Arthur and Corinne Cantrill are two of Australia's most prominent experimental filmmakers. The Cantrills are well known for their 'colour separation' films. To create these works they shoot a scene three separate times on black and white film stock, using a different colour filter each time. In the lab, they combine these three films onto a single Eastmancolour print. This process creates dramatic transitions in colour that the Cantrills liken to the vibrancy of Technicolor. Though the footage here was shot in the mid-’80s, it was only last year that they edited it into this fifteen-minute movie. Structurally it’s simple enough: just a series of views of various parts of inner Melbourne, from panoramic wide shots to close-ups of the sides of buildings. The soundtrack blends and warps familiar urban noises – cars, buskers, the ringing bells of trams – into a kind of musique concréte.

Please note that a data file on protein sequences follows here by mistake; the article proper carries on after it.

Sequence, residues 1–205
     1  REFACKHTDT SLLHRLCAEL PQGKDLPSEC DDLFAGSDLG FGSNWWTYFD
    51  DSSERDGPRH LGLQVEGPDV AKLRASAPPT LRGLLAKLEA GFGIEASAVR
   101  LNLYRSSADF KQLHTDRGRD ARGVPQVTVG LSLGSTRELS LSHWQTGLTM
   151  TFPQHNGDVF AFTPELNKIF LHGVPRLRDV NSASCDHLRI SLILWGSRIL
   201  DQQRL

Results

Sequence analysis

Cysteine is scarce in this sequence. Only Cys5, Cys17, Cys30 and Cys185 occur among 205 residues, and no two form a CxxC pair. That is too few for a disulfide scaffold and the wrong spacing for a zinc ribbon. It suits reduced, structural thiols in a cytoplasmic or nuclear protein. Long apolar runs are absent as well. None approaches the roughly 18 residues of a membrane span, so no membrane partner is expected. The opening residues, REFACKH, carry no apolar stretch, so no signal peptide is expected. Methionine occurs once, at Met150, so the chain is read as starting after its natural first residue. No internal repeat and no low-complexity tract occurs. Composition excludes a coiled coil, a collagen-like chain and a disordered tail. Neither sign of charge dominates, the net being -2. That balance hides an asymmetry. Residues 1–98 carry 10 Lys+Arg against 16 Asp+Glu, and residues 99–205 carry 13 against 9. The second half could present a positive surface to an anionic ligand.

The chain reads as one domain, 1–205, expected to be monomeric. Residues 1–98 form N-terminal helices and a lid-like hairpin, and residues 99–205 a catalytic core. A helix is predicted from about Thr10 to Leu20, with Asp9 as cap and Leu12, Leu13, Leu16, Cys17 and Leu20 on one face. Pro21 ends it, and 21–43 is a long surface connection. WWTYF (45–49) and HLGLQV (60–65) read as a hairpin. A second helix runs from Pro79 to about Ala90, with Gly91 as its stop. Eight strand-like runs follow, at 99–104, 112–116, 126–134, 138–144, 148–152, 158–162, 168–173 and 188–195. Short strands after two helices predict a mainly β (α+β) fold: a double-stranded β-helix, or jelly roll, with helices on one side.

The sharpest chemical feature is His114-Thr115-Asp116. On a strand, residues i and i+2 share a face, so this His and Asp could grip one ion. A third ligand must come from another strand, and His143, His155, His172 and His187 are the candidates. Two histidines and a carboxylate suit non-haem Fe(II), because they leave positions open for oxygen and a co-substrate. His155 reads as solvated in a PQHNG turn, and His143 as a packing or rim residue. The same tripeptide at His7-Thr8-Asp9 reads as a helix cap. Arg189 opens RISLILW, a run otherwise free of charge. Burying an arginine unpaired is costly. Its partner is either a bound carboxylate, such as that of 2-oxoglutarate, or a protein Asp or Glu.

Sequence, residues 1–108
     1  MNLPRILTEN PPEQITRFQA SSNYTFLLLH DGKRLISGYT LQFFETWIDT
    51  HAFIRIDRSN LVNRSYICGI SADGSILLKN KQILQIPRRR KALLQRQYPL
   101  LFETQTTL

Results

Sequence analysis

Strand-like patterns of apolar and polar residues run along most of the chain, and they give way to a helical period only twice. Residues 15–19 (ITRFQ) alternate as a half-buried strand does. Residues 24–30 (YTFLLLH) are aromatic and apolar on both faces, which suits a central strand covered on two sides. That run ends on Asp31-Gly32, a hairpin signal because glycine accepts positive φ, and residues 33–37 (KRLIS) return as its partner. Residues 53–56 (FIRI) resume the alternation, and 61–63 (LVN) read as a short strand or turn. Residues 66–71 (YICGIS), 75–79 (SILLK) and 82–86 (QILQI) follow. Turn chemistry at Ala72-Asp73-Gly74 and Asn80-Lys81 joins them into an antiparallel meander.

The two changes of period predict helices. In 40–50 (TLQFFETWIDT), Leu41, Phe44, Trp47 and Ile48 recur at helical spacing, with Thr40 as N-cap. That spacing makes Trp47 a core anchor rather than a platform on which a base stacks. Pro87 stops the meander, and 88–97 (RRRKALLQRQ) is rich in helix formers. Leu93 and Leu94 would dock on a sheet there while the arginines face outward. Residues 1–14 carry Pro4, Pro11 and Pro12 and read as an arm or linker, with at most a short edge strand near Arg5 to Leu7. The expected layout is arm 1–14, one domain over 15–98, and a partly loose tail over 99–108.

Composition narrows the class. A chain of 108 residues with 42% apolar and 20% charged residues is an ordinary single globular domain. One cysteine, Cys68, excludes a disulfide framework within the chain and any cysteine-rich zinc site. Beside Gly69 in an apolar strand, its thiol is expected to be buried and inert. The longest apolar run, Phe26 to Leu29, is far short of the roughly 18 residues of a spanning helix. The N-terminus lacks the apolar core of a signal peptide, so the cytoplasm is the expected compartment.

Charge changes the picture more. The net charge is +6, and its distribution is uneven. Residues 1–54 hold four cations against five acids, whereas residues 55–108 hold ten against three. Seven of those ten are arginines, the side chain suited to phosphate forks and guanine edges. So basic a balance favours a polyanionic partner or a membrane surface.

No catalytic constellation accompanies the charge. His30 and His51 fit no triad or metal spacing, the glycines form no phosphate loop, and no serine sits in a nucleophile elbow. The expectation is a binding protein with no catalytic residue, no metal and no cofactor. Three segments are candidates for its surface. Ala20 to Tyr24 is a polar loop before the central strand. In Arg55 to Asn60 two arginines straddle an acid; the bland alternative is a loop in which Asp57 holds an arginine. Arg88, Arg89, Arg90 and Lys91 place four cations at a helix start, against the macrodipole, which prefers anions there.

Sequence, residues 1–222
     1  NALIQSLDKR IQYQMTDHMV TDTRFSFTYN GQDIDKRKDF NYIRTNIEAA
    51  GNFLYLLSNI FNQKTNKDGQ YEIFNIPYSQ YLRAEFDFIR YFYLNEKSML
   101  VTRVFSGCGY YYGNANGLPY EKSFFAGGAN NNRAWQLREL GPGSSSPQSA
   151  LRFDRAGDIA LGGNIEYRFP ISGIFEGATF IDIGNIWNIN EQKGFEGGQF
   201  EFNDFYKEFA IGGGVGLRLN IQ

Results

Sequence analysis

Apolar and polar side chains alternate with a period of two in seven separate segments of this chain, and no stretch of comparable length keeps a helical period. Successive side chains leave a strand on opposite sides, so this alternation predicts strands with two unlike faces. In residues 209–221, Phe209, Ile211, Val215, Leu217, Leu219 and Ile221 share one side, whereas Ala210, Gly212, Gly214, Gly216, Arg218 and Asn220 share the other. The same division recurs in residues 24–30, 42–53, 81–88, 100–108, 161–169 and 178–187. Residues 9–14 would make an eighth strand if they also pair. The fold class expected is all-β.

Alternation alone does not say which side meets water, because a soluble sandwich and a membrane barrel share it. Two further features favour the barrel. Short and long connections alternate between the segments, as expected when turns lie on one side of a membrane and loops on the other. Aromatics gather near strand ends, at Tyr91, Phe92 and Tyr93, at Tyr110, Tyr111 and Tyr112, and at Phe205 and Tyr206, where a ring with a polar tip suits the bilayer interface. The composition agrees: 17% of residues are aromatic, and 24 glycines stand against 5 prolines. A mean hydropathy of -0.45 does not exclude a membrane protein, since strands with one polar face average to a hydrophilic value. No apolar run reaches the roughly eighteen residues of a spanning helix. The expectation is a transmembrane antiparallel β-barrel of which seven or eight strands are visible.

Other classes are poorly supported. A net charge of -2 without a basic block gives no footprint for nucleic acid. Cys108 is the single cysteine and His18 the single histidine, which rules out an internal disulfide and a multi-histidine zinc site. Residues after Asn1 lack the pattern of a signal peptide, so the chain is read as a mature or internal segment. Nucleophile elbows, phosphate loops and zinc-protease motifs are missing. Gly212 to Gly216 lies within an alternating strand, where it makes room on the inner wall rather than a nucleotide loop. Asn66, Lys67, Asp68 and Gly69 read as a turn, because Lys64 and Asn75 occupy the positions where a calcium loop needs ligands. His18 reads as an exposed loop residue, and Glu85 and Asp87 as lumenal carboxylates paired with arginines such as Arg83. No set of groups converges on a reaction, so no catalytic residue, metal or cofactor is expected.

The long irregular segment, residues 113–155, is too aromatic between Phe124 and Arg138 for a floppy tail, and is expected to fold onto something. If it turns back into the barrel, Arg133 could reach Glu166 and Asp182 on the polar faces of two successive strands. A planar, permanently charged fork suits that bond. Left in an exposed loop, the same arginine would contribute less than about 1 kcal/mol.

A giant metal machine falls to Earth and frightens the residents of a small town in Maine in 1958, until it befriends a nine-year-old boy named Hogarth and ultimately finds its humanity by unselfishly saving people from their own fears and prejudices.